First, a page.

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The New Marriage Penalty

Over time, the IRS and Congress have created and enforced various inconsistencies in the tax treatment of single versus married persons. Under the most recent tax law changes, we see equal treatment in the form of the new standard deduction, with single persons receiving a $12,000 deduction and married persons jointly receiving exactly double the amount, $24,000. That seems fair with each individual taxpayer effectively entitled to the same standard deduction.
However, it does not take long to find where the law is startlingly unequal, with the result that a great planning opportunity arises for those who are not married. This is the new SALT deduction limitation of $10,000, which deductible amount applies equally whether the taxpayer is single or married. That is, while a single individual can claim up to a $10,000 deduction for state taxes paid, married individuals effectively receive only a $5,000 deduction apiece for a maximum combined total deduction of $10,000. This can be a real penalty for married couples in higher tax states.
The planning opportunity for unmarried couples lies in the higher earning spouse claiming the full state tax deduction limitation based on, say, income and property taxes and stacking on any mortgage interest paid, together with any charitable gifts or other remaining allowable deductions. In many cases, this will far exceed the smaller standard deduction of $12,000 available to a single person. The unmarried partner, absent any significant additional deductions beyond the SALT limitation, would claim the standard deduction. The net impact would allow the unmarried couple, filing separate tax returns, to claim far more in total deductions than the $24,000 standard deduction available to a married couple who would not be able to take advantage of itemized deductions given their marital status.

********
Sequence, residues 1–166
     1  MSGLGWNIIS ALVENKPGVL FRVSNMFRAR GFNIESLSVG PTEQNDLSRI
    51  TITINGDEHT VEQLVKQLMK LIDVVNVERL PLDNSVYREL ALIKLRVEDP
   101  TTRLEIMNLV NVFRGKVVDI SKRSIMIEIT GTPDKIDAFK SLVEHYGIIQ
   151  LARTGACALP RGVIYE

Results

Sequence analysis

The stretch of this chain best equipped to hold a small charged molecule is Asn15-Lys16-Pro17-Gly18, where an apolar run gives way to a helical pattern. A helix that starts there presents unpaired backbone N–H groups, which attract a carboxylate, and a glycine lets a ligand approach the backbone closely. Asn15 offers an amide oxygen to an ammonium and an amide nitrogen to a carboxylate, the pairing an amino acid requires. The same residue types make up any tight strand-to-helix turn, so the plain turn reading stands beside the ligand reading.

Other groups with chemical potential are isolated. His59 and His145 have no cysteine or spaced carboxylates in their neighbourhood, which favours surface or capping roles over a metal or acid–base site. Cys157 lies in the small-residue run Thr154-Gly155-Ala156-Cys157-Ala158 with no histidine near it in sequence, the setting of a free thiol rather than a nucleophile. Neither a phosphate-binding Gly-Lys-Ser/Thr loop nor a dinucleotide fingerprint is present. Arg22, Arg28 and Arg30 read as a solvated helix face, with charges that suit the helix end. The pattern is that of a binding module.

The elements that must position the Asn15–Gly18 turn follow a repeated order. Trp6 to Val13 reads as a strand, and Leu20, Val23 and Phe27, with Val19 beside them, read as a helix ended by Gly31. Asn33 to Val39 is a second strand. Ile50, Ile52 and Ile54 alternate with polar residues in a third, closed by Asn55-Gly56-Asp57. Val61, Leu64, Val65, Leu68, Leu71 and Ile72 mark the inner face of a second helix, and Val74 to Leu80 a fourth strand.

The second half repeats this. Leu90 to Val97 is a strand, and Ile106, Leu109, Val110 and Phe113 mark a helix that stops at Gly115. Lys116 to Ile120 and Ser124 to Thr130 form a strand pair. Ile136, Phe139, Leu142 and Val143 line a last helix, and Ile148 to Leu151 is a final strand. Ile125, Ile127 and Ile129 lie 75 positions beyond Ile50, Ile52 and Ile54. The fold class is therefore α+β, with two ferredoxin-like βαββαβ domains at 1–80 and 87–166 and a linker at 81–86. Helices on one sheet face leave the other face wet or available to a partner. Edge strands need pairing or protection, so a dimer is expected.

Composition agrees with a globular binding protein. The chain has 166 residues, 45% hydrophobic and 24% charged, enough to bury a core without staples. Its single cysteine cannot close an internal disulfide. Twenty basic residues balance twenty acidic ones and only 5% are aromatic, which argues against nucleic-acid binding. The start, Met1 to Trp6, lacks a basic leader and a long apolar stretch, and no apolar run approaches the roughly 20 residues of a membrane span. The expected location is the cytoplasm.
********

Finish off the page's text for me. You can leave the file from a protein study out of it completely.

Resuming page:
One approach that has been suggested for married couples facing this new penalty is to combine deductions into one tax year to the extent possible so as to successfully itemize one year and take the standard deduction the next. There exists some uncertainty as to whether the IRS will permit this approach to be fully effective given the requisites of payment of a fixed obligation and appropriate timing. This seems to be far less effective than simply not getting married if, after all, taxes are that important to you.

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